One of my favorite parts about the workshops I get to lead are the exercises. There’s this different sort of energy that fills the room when you hand the reins over to the people in the room and say “this is your time.” I get to sit back for a bit — take a few sips of water — and watch as people dig in and do good work with the workshop concepts. If you have ever attended one of my workshops, you have most likely taken part in an exercise where I have you write a hand-written note to someone in your life whom you are grateful for. Over the years, I’ve received so many fun, touching stories about the notes that have been written during that exercise and the amazing reactions from the recipients of those notes. And as hand-written notes have given way to email and texting, these stories have become more and more regular of late.
While this exercise and its results have been impactful, nothing compares with conversations that I have had lately with some therapists who specialize in helping teenagers. They tell me that one of their main suggestions for teens suffering from anxiety and depression is to have them write down their thoughts and feelings, by hand, in a journal or in a note format. The therapists I’ve spoken with don’t really advocate any particular format other than that the writings should be done by hand on real paper so that teen can fully concentrate on what they are writing. I’m told that the results of this activity are literally life-saving in some instances — meaning that teens (just like the rest of us) have thoughts that are better served being outside their heads. Some of these thoughts can be very dark and when they remain inside the head, they often get even more dark and damaging. Many therapists have seen clients with depression improve through journaling. They’ve even seen patients on the brink of suicide make significant improvement to the point of being taken off suicide watch — mostly because they got their thoughts out on paper in the form of hand-written notes, written to themselves and to others. I don’t want to over-complicate this article or move too far out of my area of expertise, but my simple deduction at this point is that hand-written notes can, and do, save lives!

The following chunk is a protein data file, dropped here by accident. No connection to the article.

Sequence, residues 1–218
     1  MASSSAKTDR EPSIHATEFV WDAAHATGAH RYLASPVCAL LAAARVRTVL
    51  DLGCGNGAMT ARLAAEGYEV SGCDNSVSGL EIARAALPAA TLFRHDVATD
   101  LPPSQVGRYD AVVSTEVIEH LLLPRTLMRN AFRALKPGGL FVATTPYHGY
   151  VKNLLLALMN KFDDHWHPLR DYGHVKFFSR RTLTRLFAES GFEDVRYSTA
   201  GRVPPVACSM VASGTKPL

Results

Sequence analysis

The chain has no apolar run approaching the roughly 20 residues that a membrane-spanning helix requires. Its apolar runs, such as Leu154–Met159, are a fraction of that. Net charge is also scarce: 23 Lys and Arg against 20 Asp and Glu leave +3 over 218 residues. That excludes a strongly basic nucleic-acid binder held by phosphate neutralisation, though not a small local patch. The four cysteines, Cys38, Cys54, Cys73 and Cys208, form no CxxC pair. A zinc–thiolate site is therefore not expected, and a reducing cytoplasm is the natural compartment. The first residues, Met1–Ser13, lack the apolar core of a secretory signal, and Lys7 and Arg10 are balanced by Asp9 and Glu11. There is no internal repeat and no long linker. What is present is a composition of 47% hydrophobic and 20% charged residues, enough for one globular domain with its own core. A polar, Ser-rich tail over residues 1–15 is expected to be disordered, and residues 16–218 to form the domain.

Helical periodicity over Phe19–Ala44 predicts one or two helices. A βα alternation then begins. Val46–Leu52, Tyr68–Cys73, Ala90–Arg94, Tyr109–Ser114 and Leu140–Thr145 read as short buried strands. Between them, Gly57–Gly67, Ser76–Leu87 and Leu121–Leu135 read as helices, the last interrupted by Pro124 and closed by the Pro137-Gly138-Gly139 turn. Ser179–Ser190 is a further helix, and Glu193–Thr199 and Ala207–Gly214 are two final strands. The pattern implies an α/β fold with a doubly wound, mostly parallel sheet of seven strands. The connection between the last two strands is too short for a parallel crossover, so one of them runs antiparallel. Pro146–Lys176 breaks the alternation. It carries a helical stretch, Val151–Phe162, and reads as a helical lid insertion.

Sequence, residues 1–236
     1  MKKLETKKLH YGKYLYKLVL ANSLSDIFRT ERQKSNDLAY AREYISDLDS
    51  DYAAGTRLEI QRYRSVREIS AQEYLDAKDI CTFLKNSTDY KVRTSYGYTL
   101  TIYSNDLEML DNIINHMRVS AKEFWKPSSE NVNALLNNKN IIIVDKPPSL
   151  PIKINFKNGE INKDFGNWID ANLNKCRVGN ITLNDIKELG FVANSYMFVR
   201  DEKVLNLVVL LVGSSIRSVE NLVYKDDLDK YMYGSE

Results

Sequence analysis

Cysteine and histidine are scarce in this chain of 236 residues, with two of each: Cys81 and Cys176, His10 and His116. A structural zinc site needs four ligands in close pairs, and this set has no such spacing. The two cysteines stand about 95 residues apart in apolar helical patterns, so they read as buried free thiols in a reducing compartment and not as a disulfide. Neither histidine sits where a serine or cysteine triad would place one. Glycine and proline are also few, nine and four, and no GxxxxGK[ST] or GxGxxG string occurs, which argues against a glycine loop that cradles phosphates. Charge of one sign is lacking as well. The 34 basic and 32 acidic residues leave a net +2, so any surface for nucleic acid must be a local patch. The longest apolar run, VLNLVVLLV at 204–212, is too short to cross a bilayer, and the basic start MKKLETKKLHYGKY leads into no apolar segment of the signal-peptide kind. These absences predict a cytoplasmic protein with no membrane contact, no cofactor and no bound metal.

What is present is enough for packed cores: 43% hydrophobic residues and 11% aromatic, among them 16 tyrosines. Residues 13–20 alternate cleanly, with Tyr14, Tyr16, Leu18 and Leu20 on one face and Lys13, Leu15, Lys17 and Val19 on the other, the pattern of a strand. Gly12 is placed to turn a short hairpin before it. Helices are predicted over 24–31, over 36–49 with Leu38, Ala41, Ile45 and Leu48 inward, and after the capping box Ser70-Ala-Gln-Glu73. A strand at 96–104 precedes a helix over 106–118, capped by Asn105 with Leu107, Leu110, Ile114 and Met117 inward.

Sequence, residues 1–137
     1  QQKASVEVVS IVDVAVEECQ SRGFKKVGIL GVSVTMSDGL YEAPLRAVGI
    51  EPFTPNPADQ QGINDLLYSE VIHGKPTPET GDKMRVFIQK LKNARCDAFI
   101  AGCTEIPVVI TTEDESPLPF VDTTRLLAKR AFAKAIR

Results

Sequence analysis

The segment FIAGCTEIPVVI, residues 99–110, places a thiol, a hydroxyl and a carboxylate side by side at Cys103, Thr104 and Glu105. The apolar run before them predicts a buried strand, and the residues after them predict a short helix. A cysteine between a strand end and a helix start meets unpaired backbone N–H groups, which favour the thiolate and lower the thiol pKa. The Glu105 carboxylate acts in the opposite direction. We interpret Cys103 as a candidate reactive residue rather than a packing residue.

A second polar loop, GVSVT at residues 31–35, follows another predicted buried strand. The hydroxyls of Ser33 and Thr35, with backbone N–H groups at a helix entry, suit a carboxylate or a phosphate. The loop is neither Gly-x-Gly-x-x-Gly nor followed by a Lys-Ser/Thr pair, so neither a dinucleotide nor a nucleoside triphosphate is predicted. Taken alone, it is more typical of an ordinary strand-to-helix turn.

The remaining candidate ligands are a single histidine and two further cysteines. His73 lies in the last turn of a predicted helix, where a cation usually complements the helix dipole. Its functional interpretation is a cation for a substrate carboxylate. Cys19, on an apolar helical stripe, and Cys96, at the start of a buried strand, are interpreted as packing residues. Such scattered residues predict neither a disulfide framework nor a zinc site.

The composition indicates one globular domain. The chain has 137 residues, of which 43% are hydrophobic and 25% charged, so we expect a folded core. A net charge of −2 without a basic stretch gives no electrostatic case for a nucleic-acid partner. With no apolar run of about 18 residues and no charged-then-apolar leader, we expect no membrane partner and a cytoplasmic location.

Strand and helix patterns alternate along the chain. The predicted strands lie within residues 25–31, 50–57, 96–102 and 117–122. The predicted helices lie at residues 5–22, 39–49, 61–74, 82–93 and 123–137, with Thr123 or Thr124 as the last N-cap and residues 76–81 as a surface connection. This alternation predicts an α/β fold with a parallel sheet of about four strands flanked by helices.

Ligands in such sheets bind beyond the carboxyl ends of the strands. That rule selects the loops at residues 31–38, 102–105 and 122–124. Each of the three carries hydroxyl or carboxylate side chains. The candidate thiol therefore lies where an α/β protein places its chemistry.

Now, your life is likely not in imminent danger, but I can assure you that the benefits of the lost art of the hand-written note are not just for those in troubled times. They’re also for people in a good place. They’re for people looking to support friends and family members. For people looking to express gratitude. They’re for people who are doing well in business and want to do even better.
I’ve been told by thousands of workshop attendees that the mail that they open first is the hand-written note that resides in a hand-addressed envelope. I’ve also observed that hand-written notes get pinned up in cubicles, and saved on night stands and in shoe boxes. And one client recently told me that the hand-written notes she receives get set up on her mantel. Wow!
In my experience, I can tell you that when I left my job in Corporate America (a resignation you can read about HERE), most of the plaques and awards did not make their way home with me. But the one item that I made sure I took with me upon leaving was the big bag of hand-written notes that I’d received over the years. Every now and again, even now (3 years later), I’ll pull a random note out of that bag and enjoy a fond memory of that time and place and person who wrote that note. There is scientific data that backs up this boost that we all feel when receiving a hand-written note. Receiving and reading a hand-written note of appreciation, gratefulness, love, warmth, endearment, zeal, passion, or any other positive expression (even if it’s just to say “hi”) triggers your brain to release a shot of oxytocin — which is the “happy chemical” responsible for the feeling of love, togetherness, and trust.
I don’t know about you, but I like being responsible in some way for helping people feel love, togetherness, and trust. One easy way to do just that is to write hand-written notes to people. “To whom?” you ask? ANYONE! I’m not kidding. Anyone. Trust me when I tell you that the note that you write will help both you and the person to whom you are writing immensely. Both you AND the person that you write to will benefit from that shot of oxytocin. You AND that person will have a feeling of togetherness as a result of that note. And you AND that person will have a deeper trust level with each other as a result of the note written. To get your thought juices flowing about who you can write to, here are a few ideas: mom (always a great place to start pretty much every single time), dad, brother, sister, son, daughter, grand-parent, grand-child, clients (“Which ones?” you ask? Any of them! Past clients thanking them for the business, current clients letting them know how much you like working with them, and future clients letting them know that you are thinking about and ready to serve them), bosses (yep, they like notes too and they will appreciate the oxytocin shot), employees (they like them a lot!), and most anyone that you can think of will appreciate the note.
At Rewire, we’re pretty big on taking action on what you learn right away, so if this article struck a chord with you, take out a notecard right now, write someone a note, and send it. If you don’t have a notecard, you can buy some easily, or you can just write on any plain paper and tell the person you’re writing to that you were thinking of them and wanted to send them a note. Don’t let the lack of fancy stationery be a barrier to taking action.
Do you have a hand-written note experience? Let us know about it in the comment section below.